Rivett's teeth met under the walrus mustache, parted, met, and ground together; but his son saw only the jaw muscles move slightly in the lean face.
"Silvette is a—an interesting young girl," said Rivett with an effort; "but she is one of my employees, and not the sort of woman I wish my son to marry."
"So she says," observed Jack quietly.
"Who says what?"
"Silvette said exactly what you have just said—that she is your employee, and her sense of honor will not permit her to listen to me."
"Oh! ... She said that, did she? ... Oh! ... Did she tell you to tell me her answer?"
"No; she told me that if I uttered one word on the subject to you, she would leave your service in twenty-four hours."
His father's eyes fairly bored into him like augers.
"And yet you've done it?"
"I've taken the chance—yes."
"Because I love her."
"You'll have that kind of pip several times before you pick the right one, Jack."
"No; I'm like you."
"I say that I am like you, dad.... I don't believe there was ever anybody but mother. Was there?"
"How about that little Beaumont girl you met at Hot Springs?" asked his father.
"I taught her to shoot a pistol. I liked her, but that was all. Silvette is different."
Somehow, the memory of a girl he had once taught came into Mr. Rivett's mind—Betty Lawrence—who smiled as nobody else ever had smiled except her own son—years afterwards—years and years afterwards.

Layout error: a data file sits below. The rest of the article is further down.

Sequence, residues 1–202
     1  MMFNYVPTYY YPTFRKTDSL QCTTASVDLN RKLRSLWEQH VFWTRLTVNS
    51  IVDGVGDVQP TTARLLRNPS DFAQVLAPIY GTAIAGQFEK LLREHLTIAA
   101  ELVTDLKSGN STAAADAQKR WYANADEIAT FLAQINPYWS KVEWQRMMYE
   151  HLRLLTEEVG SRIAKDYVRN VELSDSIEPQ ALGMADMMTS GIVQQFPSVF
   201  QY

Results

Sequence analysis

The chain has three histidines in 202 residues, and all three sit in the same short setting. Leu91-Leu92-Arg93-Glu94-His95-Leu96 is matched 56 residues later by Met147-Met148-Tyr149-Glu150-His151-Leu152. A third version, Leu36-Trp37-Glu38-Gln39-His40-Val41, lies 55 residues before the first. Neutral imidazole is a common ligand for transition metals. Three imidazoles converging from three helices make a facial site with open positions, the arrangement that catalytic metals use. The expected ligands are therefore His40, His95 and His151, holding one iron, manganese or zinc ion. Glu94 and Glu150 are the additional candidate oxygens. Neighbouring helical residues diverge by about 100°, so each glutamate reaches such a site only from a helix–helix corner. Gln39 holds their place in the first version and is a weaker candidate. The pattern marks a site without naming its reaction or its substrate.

He raised his sunken head and looked hard at his son.
"I don't want you to marry her, Jack," he said.
"I had other plans for you. There are girls in New York who——"
"There are girls everywhere, but only one Silvette Tennant; and I am like you, father."
"You don't show it now," retorted Rivett sharply. "Do you think I'd spoil my chances—no, my certainty in New York, as you are trying to do?"
"You only got as far as Mills Corners, dad; and you had not even seen New York."
"I don't want you to marry her," repeated his father doggedly.
"Because—I don't know anything about her. She gambles, too!"
"Would you care whether the girl you meant to pick out for me plays cards for stakes?"
"I certainly—" He stopped abruptly, then: "She smokes and drinks like a man!"
"Get some woman to ask you to dine with her at the Convent Club some evening," said Jack, smiling.
"Who is Silvette Tennant, anyway?" demanded his father.
"You ought to know something about the Tennants, dad. You reorganized their firm."
"I never heard of her or her sister before I hired them," said his father, reddening.
"Dad, be square with me. Do you like her?"
"Do you like Silvette?"
"I like her sister."
"Yes, damn it, I do!"
"So do I," he said; "but she has refused me."
"She knew enough to do it; she is a girl of sense. Certainly, I like her. She knows well enough that she has no right to encourage you."
"She knows something else, too."
"She knows that she doesn't care for me anyway," said the boy with a quiet simplicity that, somehow, left a confused and restless resentment in Mr. Rivett's breast.